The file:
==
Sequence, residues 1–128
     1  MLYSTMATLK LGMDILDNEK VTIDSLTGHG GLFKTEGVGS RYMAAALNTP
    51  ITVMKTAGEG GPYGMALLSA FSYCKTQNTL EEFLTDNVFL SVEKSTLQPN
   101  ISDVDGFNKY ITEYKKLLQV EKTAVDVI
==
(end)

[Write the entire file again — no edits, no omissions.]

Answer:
Sequence, residues 1–128
     1  MLYSTMATLK LGMDILDNEK VTIDSLTGHG GLFKTEGVGS RYMAAALNTP
    51  ITVMKTAGEG GPYGMALLSA FSYCKTQNTL EEFLTDNVFL SVEKSTLQPN
   101  ISDVDGFNKY ITEYKKLLQV EKTAVDVI